• 8. McBride, 7 the nation-state as the basis for judging morality. Both Reinhard and Marshall Pétain were military officers of a vaguely conservative bend from Roman Catholic backgrounds, who decided to serve the interest of their former enemies and occupiers in the name of a common conservative and anti-Communist ideology. Although both men were clearly collaborators,28 they suffered substantially different fates after the end of their collaborative relationships. Pétain spent the rest of his life in captivity after having his death sentence commuted to life in prison, while Gehlen went on to become the head of the German intelligence service. By shifting the nation-state in question from France to Germany, this paper problematizes the idea that the nation-state is fundamentally good or moral or that collaboration with an occupying power is inherently immoral. This paper also seeks to problematize the tendency to view collaboration with a foreign occupier as unrelated to preexisting domestic political conflicts. This relates to the reevaluation of the Vichy regime as “the very archetype of the guerre france-françoise,” effectively redefining the conflicts of the Vichy years as the volcanic explosion of geothermal forces that had long been active under the surface of the French nation.29 This paper views the capitulation of Germany in 1945 (and to a lesser degree the German defeat at Stalingrad) as analogous to the capitulation of France in 1940, in that both triggered profound identity crises based around preexisting political fault lines. In the case of Pétain, the defeat of fascism discredited the 28 Both men quickly offered to collaborate with their erstwhile enemies soon after the defeat of their nations in the battlefield. Following the July 10, 1940 vote providing him full powers, Philippe Pétain immediately worked to redefine Franco-German relations along the lines of peaceful collaboration. Julian Jackson, France: The Dark Years 1940-1944 (Oxford: Oxford University Press, 2001), 139. Similarly, Reinhard Gehlen planned to offer his expertise on the Soviet Union and the resources of FHO to the United States as early as the end of 1944. Wegener, 57. Gehlen later wrote in his memoirs that he told his American captors that “the collapse of the East-West alliance could only be a matter of time; a conflict of interest was bound to break out between East and West and this would jeopardize the safety of Europe and of the United States. So how could we reach an agreement as rapidly as possible on suitable terms for collaboration?” Gehlen, 9. 29 Henry Rousso, The Vichy Synbrome: History and Memory in France since 1944 (Cambridge: Harvard University Press, 1991), 6.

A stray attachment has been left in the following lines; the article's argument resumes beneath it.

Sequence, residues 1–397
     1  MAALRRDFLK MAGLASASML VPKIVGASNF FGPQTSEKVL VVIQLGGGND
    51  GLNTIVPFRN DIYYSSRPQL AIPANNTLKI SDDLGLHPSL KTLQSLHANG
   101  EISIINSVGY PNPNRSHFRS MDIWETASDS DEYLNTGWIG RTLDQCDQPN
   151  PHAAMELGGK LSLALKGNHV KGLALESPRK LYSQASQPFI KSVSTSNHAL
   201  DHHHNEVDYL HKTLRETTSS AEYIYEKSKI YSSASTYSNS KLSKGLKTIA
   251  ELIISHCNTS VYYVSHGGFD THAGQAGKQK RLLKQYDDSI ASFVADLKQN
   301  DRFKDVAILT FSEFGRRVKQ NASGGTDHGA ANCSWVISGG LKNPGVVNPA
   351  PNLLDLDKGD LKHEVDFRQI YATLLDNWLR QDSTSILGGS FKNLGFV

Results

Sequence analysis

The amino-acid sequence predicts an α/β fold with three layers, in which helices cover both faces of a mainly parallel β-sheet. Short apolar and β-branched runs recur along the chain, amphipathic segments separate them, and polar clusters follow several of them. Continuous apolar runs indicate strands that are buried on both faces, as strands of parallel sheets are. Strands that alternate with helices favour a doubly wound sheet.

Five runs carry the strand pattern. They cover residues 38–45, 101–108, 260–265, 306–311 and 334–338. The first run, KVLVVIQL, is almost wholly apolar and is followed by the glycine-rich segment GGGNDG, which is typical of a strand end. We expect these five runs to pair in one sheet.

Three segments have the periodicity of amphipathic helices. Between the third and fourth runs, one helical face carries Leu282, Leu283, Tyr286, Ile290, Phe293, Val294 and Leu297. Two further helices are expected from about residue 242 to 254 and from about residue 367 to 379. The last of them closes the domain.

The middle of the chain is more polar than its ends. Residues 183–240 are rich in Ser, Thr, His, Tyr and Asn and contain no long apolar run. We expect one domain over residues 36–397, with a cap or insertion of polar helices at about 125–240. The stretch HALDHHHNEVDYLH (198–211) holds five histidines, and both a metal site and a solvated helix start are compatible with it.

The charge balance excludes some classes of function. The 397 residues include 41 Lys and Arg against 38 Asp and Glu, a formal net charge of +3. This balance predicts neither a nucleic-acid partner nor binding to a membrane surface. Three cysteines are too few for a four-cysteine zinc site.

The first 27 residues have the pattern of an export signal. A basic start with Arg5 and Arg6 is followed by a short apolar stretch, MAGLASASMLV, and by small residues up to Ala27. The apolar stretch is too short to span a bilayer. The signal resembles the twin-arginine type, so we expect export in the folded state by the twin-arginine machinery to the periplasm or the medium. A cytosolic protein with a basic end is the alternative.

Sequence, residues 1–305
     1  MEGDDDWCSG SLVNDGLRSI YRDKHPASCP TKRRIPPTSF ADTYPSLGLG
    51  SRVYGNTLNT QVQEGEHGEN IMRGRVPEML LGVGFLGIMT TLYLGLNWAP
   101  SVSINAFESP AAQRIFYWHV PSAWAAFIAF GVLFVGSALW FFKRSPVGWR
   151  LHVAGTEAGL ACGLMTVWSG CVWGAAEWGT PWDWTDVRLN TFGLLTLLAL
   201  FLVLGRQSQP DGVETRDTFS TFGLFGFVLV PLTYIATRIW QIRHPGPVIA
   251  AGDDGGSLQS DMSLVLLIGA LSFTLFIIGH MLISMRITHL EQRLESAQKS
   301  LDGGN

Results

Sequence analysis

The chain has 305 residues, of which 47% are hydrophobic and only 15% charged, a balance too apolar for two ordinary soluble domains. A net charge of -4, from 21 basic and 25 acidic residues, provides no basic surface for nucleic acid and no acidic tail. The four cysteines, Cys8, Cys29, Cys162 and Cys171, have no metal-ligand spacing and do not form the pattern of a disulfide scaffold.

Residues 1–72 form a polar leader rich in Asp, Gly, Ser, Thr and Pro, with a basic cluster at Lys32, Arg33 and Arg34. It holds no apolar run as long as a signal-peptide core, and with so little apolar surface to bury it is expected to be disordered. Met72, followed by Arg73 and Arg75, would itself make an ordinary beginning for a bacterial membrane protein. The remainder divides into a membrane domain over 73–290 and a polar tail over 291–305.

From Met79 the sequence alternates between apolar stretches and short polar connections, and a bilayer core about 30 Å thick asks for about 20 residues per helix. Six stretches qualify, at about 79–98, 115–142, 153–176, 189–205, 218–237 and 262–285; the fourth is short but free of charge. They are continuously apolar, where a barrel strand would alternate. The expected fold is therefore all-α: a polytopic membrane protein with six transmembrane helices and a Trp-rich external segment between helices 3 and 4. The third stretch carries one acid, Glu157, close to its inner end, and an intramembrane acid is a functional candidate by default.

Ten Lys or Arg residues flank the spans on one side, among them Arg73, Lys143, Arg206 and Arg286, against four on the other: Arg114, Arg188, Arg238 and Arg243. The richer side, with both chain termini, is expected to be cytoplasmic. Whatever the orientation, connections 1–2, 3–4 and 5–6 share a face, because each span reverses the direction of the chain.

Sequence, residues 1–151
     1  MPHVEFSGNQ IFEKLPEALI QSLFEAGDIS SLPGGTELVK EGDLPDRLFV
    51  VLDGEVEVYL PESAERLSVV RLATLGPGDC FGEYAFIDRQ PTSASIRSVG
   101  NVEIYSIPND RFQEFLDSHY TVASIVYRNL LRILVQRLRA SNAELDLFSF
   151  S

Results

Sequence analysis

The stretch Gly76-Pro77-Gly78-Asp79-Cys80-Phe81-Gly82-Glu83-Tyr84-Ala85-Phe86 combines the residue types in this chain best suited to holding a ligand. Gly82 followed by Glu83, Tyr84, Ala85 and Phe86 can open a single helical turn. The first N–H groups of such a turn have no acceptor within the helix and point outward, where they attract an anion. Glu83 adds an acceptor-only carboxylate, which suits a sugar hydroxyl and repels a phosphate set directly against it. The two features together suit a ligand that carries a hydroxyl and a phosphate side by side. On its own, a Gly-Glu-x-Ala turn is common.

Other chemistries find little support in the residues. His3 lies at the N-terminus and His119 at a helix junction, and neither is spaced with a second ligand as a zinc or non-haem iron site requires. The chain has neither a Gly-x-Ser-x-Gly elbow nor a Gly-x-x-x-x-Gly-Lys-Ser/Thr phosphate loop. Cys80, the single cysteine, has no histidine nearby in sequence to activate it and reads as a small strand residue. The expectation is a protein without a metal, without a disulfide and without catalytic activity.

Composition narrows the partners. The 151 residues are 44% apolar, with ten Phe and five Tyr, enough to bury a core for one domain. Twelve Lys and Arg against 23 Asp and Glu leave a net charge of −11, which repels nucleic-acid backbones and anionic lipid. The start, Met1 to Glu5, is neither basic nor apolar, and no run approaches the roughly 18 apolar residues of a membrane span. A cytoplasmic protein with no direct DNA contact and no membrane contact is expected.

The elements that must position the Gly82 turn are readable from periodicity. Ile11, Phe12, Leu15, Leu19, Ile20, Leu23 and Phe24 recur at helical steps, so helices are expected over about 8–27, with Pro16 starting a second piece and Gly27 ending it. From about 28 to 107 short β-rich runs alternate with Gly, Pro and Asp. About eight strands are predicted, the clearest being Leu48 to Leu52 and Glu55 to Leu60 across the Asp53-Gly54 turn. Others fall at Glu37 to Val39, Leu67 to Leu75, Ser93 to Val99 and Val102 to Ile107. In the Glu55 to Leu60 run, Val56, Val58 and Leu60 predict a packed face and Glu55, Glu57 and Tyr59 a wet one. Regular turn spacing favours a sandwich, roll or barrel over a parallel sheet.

• 9. McBride, 8 National Revolution, ensuring that de Gaulle’s conception of the French nation became the yardstick against which Vichy would be charged for treason.30 However, in the case of Gehlen, the Allied invasion discredited National Socialism and divided the Reich, yet Gehlen himself continued his intelligence career until 1968, albeit for different masters. Ultimately, these deep continuities of Gehlen’s career merit a reevaluation of collaboration in the light of a potential guerre france- françoise over the identity of the German nation. By examining these problematic aspects of collaboration, this paper seeks to demonstrate the historiographical futility of charging collaborators with treason. In the post-Nürmberg world of international law, cosmopolitan thought, and human rights, the argument that one was “just following orders” cannot excuse one from crimes against higher moral principles. When German nationalism was used to pursue a policy of genocide and eugenics against Untermenschen, treason became the moral course of action. The Holocaust has thus seriously problematized the honor and morality previously attributed to the ancient Teutonic value of Treue (fidelity). In this light, the nation appears as a deeply morally ambiguous construct, especially in regards to its treatment of “others.” Comparative Collaborations Analyzing Gehlen’s career from 1942 until 1968 provides the ideal means to investigate the analytical interrelationships and continuities between collaboration and preexisting domestic political conflicts over the identity of the nation. Because Reinhard Gehlen did not consider himself a National Socialist, an Atlanticist, or a democrat, each of the superiors that he served from 1942 until 1968 can be considered an “other” of one kind or another. Reinhard Gehlen’s career as a spymaster thus always remained a mixture of collaboration and resistance with 30 Jackson, 139.